I recently watched about 2000 seagulls return to Felixstowe, (East Anglia, UK). They were fyling in skeins of about 20-30 birds and in many of the skeins there was a, larger than the others, gull flying at number 2 or number 3, as though it was training the leader of the skein.
Today, I was in the same place, again watching the birds flying home, but today it is incredibly windy and there was not a skein in sight. This time there was no discernable formation, they were flying in loose masses and circling and flying seemingly at random and were not noticably affected by the wind.
I don't particularly like seagulls, in any shape or form as I think they are bullies, having watched some of them gang up to knock a heron out of the sky, but their flying behaviour fascinates me.
Any chance you could explain the flying, please, especially the skeins with the larger bird following the front one?

the skeins and lack of them is easily explained: in the V formation each bird is located so that it profits from the wake vortex created by the one in front. The V develops because the wakes are strong near the wing tips, and useless behind the body. Thus, there are two good places to fly wind shadow behind a bird, which is where the next birds go.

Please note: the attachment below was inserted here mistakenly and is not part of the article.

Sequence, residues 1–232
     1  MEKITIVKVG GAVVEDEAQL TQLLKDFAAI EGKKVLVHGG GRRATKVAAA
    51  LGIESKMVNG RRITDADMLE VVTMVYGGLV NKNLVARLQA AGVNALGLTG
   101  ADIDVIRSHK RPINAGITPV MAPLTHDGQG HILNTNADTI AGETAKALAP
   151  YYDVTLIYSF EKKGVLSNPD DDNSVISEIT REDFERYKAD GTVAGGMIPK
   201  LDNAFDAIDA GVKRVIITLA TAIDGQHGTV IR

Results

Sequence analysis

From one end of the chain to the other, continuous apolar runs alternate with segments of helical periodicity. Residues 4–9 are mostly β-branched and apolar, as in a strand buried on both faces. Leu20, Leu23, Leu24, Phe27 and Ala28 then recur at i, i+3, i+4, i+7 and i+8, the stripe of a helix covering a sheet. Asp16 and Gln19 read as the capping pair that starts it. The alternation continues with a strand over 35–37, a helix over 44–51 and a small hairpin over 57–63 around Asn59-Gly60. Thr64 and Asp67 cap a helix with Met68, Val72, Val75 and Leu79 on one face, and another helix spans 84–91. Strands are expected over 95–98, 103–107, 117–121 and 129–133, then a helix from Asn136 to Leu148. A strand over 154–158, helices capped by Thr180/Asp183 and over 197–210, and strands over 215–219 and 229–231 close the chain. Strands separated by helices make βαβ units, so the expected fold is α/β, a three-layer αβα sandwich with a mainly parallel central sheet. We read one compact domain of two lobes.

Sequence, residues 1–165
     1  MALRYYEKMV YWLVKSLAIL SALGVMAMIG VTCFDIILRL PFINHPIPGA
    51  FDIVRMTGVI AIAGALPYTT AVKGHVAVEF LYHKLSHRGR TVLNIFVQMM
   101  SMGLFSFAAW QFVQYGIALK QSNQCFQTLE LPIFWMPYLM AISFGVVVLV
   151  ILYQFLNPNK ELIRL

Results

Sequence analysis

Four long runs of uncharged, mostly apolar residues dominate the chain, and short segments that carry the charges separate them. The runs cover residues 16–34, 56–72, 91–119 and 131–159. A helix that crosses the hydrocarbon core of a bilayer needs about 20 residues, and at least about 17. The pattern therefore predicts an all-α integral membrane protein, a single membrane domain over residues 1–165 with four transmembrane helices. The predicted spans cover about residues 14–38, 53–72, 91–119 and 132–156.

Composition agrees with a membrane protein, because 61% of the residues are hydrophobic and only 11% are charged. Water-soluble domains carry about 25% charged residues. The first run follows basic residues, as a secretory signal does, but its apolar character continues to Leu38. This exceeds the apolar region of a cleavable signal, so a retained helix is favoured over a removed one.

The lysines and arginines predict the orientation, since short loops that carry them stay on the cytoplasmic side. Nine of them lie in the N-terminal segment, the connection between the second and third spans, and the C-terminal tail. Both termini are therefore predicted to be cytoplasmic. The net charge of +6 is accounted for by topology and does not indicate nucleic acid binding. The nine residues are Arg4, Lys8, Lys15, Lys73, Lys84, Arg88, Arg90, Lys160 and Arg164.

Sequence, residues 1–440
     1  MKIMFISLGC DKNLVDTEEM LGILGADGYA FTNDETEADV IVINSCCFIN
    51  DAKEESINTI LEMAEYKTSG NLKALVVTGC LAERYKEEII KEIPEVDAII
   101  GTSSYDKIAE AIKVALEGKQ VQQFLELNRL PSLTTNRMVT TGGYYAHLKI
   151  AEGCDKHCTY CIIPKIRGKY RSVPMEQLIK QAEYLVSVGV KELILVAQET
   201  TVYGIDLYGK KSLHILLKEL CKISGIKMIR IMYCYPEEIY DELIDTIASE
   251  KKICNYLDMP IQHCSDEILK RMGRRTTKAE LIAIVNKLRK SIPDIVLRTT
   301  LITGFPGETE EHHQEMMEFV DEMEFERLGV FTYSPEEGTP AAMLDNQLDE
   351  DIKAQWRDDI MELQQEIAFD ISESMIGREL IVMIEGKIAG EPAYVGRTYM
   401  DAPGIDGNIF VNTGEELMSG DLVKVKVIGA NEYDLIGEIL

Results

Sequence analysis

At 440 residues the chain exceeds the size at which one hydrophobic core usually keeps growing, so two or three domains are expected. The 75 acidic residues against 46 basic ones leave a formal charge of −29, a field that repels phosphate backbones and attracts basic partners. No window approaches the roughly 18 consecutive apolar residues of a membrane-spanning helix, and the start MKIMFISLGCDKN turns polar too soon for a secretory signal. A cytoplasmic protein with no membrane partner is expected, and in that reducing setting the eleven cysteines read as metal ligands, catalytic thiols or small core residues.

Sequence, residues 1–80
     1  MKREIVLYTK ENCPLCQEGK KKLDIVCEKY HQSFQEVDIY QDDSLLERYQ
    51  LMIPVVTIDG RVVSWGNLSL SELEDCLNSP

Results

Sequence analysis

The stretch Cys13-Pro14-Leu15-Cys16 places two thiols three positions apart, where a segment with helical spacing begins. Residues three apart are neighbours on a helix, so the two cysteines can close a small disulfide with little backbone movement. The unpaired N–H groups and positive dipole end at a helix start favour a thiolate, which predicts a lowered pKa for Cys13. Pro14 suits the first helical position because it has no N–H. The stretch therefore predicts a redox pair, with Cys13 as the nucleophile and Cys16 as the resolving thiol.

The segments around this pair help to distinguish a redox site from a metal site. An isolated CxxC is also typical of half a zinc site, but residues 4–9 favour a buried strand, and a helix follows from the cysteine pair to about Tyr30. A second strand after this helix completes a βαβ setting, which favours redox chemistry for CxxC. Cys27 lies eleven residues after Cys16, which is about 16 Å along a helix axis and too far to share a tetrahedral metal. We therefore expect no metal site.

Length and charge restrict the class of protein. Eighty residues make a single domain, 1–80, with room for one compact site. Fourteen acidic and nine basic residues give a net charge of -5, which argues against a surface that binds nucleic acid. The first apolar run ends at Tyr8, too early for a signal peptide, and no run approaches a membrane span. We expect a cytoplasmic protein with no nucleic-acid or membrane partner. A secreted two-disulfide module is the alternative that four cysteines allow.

Birds change positions in skeins for the simple reason that the first on does not profit from anyone, tires more easily, and will slip back to find an advantageous position.

by the way, you seem to suffer from what I call "nice bird syndrom"! I used to have this, too: one believes that birds, elegant and beuatiful as they are, should be "good guys". Remember, birds are theropod dinosaurs, with a long time evoliving for predation under their belt before some became specialized for other diets ;) Herons, by the way, are pretty nasty buggers, too. They eat gul hatchlings if they can get them, which explains why gulls do not like them very much.